Like all the experiences that evoke it, awe can be diverse and multifaceted. The emotion can be positive or negative, subtle or intense, but its key characteristic is that it makes us feel small and challenges our understanding of the world. When you see something so grand that it’s beyond your comprehension, your jaw slacks, and you let out an expressive “wow!” you’re deep in an awe experience.
Awe differs from other emotions not only in how it makes us feel but how it makes us act.
Thanks to the way that it roots us in the present moment, researchers have found that awe can actually alter our perception of time—and make us act as though we have more of it at our disposal. In turn, people tend to report a greater sense of patience, life satisfaction, and willingness to try new things after experiencing it. Due to the way awe shifts our perspective, it’s also been found to enhance creative thinking.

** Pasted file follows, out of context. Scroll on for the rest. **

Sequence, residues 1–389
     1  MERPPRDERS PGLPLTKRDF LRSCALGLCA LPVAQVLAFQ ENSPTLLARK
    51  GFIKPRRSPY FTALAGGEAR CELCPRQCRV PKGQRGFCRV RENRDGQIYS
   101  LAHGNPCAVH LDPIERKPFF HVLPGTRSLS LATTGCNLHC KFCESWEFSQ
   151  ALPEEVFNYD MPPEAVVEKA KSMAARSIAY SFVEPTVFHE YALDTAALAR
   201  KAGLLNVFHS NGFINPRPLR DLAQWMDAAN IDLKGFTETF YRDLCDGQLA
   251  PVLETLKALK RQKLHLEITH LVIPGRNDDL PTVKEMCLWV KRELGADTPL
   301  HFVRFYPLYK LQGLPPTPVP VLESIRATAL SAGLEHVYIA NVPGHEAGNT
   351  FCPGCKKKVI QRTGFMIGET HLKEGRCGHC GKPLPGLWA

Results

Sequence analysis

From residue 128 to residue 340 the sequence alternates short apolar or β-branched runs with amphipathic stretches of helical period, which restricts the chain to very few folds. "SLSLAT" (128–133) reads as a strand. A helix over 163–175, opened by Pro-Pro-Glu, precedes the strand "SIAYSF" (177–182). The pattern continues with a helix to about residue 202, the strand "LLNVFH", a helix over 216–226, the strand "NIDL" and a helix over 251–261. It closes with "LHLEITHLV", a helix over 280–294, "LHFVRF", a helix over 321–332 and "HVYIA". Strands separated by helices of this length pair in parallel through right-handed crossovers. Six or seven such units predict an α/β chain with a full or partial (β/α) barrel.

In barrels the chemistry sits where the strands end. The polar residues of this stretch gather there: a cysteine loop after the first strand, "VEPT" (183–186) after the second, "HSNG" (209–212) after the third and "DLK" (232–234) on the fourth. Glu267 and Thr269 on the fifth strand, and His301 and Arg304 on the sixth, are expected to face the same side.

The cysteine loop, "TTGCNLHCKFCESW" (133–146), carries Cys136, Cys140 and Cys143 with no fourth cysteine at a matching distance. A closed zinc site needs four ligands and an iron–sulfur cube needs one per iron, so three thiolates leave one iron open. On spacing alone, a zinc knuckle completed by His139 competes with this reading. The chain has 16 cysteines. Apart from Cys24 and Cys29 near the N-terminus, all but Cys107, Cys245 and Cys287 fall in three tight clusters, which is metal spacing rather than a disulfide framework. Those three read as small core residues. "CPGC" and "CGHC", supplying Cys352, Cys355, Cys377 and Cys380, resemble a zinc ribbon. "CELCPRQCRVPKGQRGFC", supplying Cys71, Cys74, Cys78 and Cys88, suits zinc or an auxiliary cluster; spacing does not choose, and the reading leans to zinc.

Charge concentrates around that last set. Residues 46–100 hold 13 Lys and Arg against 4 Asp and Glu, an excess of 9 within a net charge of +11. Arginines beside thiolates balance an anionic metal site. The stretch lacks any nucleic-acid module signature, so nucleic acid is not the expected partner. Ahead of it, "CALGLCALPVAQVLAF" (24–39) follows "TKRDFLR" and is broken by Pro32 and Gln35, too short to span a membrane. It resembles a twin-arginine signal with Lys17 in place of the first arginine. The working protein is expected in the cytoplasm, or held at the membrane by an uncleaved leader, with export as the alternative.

The growing body of research on awe helps explain why we tend to feel more inspired, relaxed, and at peace after a day spent outdoors. Nature, with its dynamic, sweeping views, is a playground for awe to run free.
Perhaps the most promising finding on awe, which I first learned about when researching my upcoming book on the health benefits of different landscapes in nature, is that it promotes prosocial behavior. By showing us how small we are in relation to the larger world, awe reminds us of our responsibility to the collective. In turn, it encourages us to make ethical decisions, act generously, and share with others.
Clearly, awe is an essential human emotion—perhaps more so now than ever before. And we shouldn’t wait until the weekend or our next vacation for it to find us. We need to seek it out ourselves, daily.